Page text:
We’ve all seen billboards alongside the highway advertising for lawyers or law firms. Some are sketchier than others. Whether they’re effective in attracting prospective clients back to the advertiser is unclear. A few years back, Gyi Tsakalakis writing on Lawyerist highlighted the issue of tracking billboard marketing. His point was that without tracking client-leads back to a particular marketing medium, you can’t evaluate whether your marketing campaign was successful.
He went on to question whether billboard advertising is an effective way to attract clients.
Does Billboard Marketing Work?
Well, I have an answer. Or at least a tentative one.
I’ve been running a traditional media advertising campaign for the last five weeks or so and have tracking set up. The campaign is fairly modest in scope, so I’m not going to draw any hard conclusions. But the initial data is promising.
There are a few ways to deal with the tracking problem. I’ve paired my signage with an online component. Basically, people interact with my advertising and get taken to an online landing page where I make my pitch.
Data I Can Track
Here are some details about what I’m able to track and what I’m not able to track:
- I am not sure how many people have seen my ad. The media company provides some general data on impressions and market saturation. But I can’t say at this point whether those estimate are accurate. And, after talking with some client-leads, it appears that some of my ads may not be properly placed. So this is a big question mark. But I’m not really worried about it.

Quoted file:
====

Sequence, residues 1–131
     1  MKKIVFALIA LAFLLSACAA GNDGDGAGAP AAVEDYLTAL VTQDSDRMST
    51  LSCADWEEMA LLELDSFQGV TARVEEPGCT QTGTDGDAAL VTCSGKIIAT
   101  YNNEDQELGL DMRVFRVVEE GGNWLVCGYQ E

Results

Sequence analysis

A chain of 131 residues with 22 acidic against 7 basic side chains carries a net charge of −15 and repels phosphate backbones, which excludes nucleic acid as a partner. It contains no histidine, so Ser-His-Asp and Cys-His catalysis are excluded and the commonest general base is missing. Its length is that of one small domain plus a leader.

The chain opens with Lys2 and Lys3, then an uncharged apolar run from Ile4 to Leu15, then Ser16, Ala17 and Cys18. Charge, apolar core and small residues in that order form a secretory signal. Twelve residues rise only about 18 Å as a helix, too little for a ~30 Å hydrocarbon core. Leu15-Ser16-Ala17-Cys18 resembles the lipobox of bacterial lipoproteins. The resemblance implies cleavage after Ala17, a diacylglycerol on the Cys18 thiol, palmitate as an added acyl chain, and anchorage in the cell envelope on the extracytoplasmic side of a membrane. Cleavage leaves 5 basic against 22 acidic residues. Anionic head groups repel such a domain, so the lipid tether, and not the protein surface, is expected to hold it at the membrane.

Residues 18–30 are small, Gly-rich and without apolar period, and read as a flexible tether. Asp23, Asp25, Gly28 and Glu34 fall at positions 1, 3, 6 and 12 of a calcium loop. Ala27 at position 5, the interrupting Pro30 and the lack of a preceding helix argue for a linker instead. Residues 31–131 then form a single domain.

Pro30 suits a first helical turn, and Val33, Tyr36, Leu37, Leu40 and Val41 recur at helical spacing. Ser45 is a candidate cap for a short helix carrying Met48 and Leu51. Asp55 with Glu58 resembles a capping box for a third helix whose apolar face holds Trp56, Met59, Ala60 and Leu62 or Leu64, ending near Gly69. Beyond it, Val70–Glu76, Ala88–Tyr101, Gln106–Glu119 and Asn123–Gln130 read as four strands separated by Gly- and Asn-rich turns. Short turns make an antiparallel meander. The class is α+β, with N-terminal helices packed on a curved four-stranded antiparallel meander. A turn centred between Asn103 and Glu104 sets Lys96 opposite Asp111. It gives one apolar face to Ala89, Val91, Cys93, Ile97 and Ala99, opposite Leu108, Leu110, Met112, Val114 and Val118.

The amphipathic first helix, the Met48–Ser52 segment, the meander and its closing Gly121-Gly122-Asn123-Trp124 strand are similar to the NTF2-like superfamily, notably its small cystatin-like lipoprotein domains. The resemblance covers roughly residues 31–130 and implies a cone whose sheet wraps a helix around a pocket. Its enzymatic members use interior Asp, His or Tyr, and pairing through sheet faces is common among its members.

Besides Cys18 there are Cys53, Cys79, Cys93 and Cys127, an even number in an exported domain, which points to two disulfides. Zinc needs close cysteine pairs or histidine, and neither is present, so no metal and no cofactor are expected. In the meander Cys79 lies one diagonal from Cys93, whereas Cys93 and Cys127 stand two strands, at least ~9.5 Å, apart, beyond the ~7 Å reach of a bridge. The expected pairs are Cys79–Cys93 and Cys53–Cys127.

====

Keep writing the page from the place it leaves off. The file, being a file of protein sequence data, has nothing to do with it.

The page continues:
- I know exactly how many people have responded to the Call To Action on my ad. And I have their contact information, which I can utilize for re-marketing efforts down the road.
- Of the people who responded to the Call to Action, I know exactly how many have taken the second step of heading to my landing page.
- And, of the people who have gone to the landing page, I have the full suite of Google Analytics data for them, including bounce rate, conversion rate, returning visitors, etc.
Here are my preliminary observations:
- The cost of getting a single person to my landing page is very high, like 3-4x more expensive than what it would cost on a CPC basis through Adwords.
- But, judging by Larry Kim’s figures, I have an extraordinary conversion rate. I also know my bounce rate and how many people have gone on to navigate my site without converting. (I know, letting people leak from your landing page without converting or bouncing is a cardinal sin in landing page design.)
- Of the people that have followed through with the consultation, all have been solid leads with viable cases.
- The jury is still out on whether I’ll be able to sign up enough clients to get my average client-acquisition costs where it needs to be.
So that’s all for now. My billboard marketing campaign is off to a promising start. I’ll post an update when I have more to report.